To get more information on this groundbreaking study, the National Foundation for Celiac Awareness (NFCA) got in touch with Angel Cebolla, PhD, CEO of Biomedal S.L. (ACR).
Recently, the National Foundation for Celiac Awareness (NFCA) covered a research study that was presented at the 16th International Celiac Disease Symposium (ICDA) in Prague on June 21-24, 2015. This study, Presence of gluten peptides in urine reveals diet transgressions: Correlations with mucosal damage, was the first time a urine test has been used to monitor compliance with the gluten-free diet.
To get answers about this new urine test, NFCA went straight to the source and talked to Angel Cebolla, PhD, CEO of Biomedal S.L. (ACR)
Q. A biological marker, or biomarker, is a measureable indicator of a biological process or disease state. For example, in celiac disease, commonly used biomarkers are the specific antibody blood tests like the IgA-tTG that enable doctors and researchers to see an active disease process. Is there potential for urine testing and GIPs to be used as a new biomarker for celiac disease?
A: Once the celiac disease patient has been diagnosed, the key reason for continuing to have symptoms is gluten intake. As soon as the patient is not exposed to any gluten, the disease is on the path to being controlled. When gluten is ingested, peptides are produced that trigger the immunological toxic response in celiac disease patients. The GIPs could only be detected in urine when gluten has been ingested and absorbed by the patients, so we would consider GIPs in urine as a biomarker given the toxic effect of gluten for patients. The correlation of GIPs in urine with mucosal damage was found to be much higher than other biomarkers currently available and in use.
Q. How is this method of testing for gluten different than current monitoring techniques such as blood tests and the small intestinal biopsy?
A: This tool allows a person to directly detect actual ingestion of gluten, as opposed to the consequences of gluten ingestion such as inflammation, detected through small intestinal biopsy. For example, in some cases inflammation could also be due to other causes such as infections and enzyme deficiencies so it’s important to measure the gluten itself.
Q. How do you see this technique being used in the future? What do you consider to be the greatest benefit that this method could provide?
A: Our future aim is that this technique could help to serve the gluten-free population the same way that the scale can help to control obesity or glucose strips and a glucose meter helps to control diabetes. It could be used as the way a patient with celiac disease could check to see if their gluten-free diet is truly gluten-free. In addition to assessing gluten-free diet adherence, the test can also be used in pharmaceutical research because gluten exposure should be demonstrated to confirm the diagnosis (for example, of refractory celiac disease) or to show the efficacy of a drug.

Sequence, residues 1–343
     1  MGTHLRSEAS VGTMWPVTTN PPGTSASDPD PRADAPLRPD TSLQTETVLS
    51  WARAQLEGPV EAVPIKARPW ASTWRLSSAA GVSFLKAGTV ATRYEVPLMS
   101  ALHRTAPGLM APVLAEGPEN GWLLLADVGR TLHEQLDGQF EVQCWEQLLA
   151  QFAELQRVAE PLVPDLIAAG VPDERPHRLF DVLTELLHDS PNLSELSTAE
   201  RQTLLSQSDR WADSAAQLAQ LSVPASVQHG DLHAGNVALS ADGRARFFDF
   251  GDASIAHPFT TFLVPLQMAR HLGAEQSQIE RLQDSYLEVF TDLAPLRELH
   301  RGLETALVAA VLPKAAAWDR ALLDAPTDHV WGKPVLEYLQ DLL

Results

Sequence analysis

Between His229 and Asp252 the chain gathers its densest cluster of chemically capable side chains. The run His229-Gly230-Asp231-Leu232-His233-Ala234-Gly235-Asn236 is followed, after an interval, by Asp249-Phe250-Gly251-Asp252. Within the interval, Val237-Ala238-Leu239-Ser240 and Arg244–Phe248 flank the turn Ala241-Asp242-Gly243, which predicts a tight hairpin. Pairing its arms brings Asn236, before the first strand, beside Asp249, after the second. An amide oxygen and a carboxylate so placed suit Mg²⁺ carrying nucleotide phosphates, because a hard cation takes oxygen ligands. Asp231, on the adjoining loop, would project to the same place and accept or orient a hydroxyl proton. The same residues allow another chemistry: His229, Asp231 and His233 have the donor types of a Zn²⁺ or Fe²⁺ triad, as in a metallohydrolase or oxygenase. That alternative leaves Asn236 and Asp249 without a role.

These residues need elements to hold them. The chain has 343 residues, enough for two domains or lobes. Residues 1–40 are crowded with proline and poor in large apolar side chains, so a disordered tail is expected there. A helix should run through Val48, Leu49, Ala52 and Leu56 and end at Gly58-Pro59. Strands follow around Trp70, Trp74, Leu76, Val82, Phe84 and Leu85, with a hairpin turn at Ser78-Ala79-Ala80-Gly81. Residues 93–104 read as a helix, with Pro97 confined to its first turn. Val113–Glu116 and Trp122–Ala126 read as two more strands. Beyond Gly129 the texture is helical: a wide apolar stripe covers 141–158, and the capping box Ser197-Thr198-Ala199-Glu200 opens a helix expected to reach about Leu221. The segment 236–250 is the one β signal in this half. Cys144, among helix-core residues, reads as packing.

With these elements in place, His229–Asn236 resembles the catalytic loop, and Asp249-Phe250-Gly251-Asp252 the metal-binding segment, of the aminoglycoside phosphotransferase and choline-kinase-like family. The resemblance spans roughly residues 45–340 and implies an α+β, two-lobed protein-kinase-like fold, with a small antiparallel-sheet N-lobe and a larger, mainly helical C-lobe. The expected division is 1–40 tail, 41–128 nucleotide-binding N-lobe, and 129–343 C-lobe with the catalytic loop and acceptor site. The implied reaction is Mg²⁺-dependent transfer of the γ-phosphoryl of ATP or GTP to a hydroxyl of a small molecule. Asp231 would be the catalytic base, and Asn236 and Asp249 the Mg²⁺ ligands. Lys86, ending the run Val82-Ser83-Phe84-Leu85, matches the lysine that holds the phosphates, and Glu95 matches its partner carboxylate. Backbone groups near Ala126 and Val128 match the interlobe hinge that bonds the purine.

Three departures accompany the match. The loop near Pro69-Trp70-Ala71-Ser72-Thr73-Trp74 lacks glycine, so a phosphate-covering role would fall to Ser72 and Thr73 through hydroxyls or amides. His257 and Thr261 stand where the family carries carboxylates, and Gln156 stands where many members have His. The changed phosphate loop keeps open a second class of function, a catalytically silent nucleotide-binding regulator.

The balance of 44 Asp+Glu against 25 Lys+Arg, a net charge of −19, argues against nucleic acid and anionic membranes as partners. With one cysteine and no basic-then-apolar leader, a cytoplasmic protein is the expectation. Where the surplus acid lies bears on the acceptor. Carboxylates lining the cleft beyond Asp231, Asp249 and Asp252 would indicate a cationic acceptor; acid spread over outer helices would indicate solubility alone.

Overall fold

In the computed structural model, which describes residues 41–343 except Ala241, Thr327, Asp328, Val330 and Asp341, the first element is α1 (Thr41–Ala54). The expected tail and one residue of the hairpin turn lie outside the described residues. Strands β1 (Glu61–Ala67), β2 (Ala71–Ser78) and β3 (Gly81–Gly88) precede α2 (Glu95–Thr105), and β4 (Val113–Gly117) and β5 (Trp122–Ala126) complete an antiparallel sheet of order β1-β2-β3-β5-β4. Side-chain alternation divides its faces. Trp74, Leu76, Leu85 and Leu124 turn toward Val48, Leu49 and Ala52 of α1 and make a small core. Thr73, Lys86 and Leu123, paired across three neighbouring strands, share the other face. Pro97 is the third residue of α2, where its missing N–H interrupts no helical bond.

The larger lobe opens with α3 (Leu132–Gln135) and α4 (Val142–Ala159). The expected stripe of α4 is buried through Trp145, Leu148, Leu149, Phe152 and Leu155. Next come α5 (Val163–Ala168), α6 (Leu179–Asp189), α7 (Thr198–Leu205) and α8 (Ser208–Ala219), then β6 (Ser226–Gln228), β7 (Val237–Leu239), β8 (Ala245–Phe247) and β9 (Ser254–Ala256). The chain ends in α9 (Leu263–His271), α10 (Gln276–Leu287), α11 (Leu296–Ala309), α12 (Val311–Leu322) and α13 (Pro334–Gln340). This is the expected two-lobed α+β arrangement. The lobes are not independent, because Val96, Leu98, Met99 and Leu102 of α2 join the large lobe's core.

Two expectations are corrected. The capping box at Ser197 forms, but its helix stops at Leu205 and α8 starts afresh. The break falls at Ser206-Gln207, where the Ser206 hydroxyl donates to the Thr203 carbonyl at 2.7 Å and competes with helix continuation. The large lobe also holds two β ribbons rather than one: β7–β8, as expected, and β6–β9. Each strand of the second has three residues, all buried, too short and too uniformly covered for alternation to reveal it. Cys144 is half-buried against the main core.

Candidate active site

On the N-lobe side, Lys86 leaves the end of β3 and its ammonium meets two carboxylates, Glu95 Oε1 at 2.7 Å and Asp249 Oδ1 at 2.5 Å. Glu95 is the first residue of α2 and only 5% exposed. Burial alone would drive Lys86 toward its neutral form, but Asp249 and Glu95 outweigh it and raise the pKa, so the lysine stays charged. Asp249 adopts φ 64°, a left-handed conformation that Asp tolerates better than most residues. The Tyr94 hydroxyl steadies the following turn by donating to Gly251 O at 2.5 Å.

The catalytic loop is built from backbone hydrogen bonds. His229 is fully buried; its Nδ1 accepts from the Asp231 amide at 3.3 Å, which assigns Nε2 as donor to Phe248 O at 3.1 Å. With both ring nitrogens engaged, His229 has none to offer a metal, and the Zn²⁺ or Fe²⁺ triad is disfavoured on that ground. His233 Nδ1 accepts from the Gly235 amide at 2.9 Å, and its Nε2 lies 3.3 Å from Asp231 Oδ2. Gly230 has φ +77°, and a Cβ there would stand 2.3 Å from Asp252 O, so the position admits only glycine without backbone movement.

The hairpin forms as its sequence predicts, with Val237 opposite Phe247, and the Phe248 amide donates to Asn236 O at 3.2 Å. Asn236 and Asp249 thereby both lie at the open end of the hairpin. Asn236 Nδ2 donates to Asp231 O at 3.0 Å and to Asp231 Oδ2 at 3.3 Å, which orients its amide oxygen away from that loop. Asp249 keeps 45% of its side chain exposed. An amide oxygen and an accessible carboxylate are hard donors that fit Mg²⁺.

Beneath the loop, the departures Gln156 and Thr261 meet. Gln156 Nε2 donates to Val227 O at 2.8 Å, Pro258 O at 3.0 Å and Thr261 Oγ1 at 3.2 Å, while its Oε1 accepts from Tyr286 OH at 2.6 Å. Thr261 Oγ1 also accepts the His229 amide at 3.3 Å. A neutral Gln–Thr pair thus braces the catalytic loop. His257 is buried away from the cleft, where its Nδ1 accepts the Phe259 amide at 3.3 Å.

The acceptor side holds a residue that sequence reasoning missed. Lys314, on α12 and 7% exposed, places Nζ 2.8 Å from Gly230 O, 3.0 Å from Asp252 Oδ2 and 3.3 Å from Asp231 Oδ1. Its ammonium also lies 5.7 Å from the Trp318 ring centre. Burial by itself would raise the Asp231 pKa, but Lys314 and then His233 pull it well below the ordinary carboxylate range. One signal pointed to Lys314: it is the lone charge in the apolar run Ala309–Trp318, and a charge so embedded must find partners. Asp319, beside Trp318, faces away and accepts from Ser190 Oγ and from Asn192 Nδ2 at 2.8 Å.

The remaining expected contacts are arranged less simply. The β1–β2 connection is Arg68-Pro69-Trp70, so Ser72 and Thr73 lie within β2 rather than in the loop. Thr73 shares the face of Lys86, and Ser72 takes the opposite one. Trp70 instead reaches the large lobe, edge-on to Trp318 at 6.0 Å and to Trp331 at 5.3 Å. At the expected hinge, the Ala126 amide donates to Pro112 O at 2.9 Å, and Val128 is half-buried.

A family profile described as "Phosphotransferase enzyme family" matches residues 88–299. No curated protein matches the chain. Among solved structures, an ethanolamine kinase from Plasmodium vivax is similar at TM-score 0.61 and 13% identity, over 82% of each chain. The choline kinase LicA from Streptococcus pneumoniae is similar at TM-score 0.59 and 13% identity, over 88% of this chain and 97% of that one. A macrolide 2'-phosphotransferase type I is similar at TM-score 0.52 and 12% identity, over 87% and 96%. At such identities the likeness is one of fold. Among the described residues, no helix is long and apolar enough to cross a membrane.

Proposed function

Q. What is the smallest amount of gluten ingested that this test would be able to detect?
A: It will probably depend on the individual and the accompanying food that contains gluten. To date, we have demonstrated that as low as 50 mg could be detected in urine samples of several individuals on a gluten-free diet.
Q. How user-friendly would a test like this be? How do you envision that a patient might have access to it – would it be from a medical provider, pharmacist, over the counter (OTC)?
A: The urine test will soon be available for research laboratories because it requires specialized equipment and supplies. In any case, the stool test for detection of GIPs is already available in some countries as a regular clinical lab test that can be ordered by any doctor or even directly by the patient. We are collaborating with clinical lab companies to make the analytical services with our gluten stool test method available in the U.S.
We have also evaluated the possibility to make the gluten stool test accessible through the medical provider and/or pharmacist because it will be convenient for people with celiac disease, the testing method is simple and the clinical data will be easily available. For example, there are already colon disease pre-screening tests available in the market as OTC products. We also expect to have the urine home test available in few years.
For more information about what gluten immunogenic peptides (GIPs) are and how they play a role in celiac disease, watch the video below from the Spanish biotechnology company, Biomedal Life Science. Biomedal is credited with the development of numerous techniques and products to test gluten content in food and beverages, with many customers in the U.S. and also one product already certified by international organizations, The Association of Analytical Communities (AOAC) and Food Analysis Performance Assessment Scheme (FAPAS). The tests for detection of gluten in urine and stool are currently all in development or in the clinical trial phases. They are not presently available for clinical applications in the U.S. and are therefore not available for patient use in the U.S. NFCA will share additional details on the other gluten identification devices that Biomedal is developing as more information becomes available.
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